You need to be able to ask the right questions to your adviser
Late last month, I conducted a day-long workshop for financial advisers seeking to grow and develop their non-resident Indian (NRI) business. When I saw that nearly 90% of my audience already dealt with NRIs, I decided to speed up the initial part of my presentation which covered the aspects of residency rules in India, income subject to tax locally and so on. A little while later, I was to rue that decision as knowledge about some of the basics in these areas were missing. It made me realize that investors not necessarily pick their advisers rationally. The question then is how do you choose the right financial adviser?
Normally, an NRI gets associated with an intermediary for a financial transaction. This could be for buying a property, or dematerializing and selling some shares, or filing tax returns. Many miles away from Indian shores, the NRI has suddenly found a link to financial nirvana as the intermediary acted on the problematic transaction with competence and built trust in the way she handled the relationship.
So far, so good. But now the problems that you had left behind in India have come back to torment you as you see a friend sharing how they solved a latent issue—and you do not want to be left out. As Indians, we tend to be judgemental. We therefore do not want to be judged—especially if the result is not in our favour. Hence, when a real estate broker is asked about a sale or a chartered accountant is queried about a financial planning matter, she normally raises and waves her hand vigorously to indicate that she is “competent" to handle all financial issues of the NRI.
Trust and ability or competence go hand in hand in building a long term, mutually beneficial relationship and if you do not own up to the lack of the latter, the former (trust) starts getting thrown out of the window. We have always believed that to retain the trust of the investor, we should be willing to admit that we lack competence in a particular area, locate a suitable authority to whom we can “outsource" the query, participate in the discussion so as to be able to ask the right questions on behalf of our client and develop an understanding leading to expertise in this area.
So as an investor, you need to be able to ask the right questions to your adviser to assess that she possesses both the trust as well as the competence for her to act on the subject matter in question. It goes without saying that the maximum time needs to be spent in this area prior to selection of your adviser. There is help at hand. The Securities and Exchange Board of India (Sebi) has notified the investment adviser regulations in 2013. Anyone who provides advice for consideration or holds herself out to be an adviser needs to register before 21 October 2013. There are some exceptions to this rule at present; but for those who are serious to remain in the financial advice industry there seems to be only one way to go. But do not expect magic in the short term. One final thing—as investors, you are much better off in paying fees to your adviser. That way, you can build on a relationship. There are costs that an adviser needs to incur to apply for and maintain her advisory licence. In short, you should know how your adviser is compensated and ensure that you demand and get value from your relationship. After all, being an adviser to an NRI demands updated knowledge of tax laws, factors that affect currency, operational processes and an honest and regular communication channel.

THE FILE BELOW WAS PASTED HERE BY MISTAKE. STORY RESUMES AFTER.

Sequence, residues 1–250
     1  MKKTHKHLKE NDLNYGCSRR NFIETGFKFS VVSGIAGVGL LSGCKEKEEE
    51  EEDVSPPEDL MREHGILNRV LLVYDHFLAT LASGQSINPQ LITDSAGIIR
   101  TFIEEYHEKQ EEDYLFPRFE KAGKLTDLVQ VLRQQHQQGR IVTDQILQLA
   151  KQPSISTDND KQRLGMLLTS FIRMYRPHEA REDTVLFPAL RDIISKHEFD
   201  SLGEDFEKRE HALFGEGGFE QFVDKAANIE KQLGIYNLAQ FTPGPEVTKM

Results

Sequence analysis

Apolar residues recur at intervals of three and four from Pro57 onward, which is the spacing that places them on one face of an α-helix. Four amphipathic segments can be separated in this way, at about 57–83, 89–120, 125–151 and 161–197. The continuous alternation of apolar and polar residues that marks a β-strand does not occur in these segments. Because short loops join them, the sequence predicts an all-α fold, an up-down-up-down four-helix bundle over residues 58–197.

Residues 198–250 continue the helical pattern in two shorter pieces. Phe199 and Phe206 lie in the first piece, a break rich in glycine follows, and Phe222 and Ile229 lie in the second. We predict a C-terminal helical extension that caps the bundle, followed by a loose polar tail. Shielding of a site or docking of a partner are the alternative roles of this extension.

At the end of my workshop, faced by the seemingly insurmountable and vast scope of expertise required, some advisers confessed that they were ill-equipped or unprepared to do full justice to the requirements of dealing with their clients. As investors, you need to keep your ears close to the ground to ensure that your adviser is not one of those.
Lovaii Navlakhi is founder and CEO, International Money Matters Pvt. Ltd.